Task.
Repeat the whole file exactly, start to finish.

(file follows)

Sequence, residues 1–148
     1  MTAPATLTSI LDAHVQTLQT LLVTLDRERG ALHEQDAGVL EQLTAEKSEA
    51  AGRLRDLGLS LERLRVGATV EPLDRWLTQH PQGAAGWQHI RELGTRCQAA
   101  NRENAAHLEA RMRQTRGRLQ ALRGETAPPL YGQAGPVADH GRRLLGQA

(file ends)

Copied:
Sequence, residues 1–148
     1  MTAPATLTSI LDAHVQTLQT LLVTLDRERG ALHEQDAGVL EQLTAEKSEA
    51  AGRLRDLGLS LERLRVGATV EPLDRWLTQH PQGAAGWQHI RELGTRCQAA
   101  NRENAAHLEA RMRQTRGRLQ ALRGETAPPL YGQAGPVADH GRRLLGQA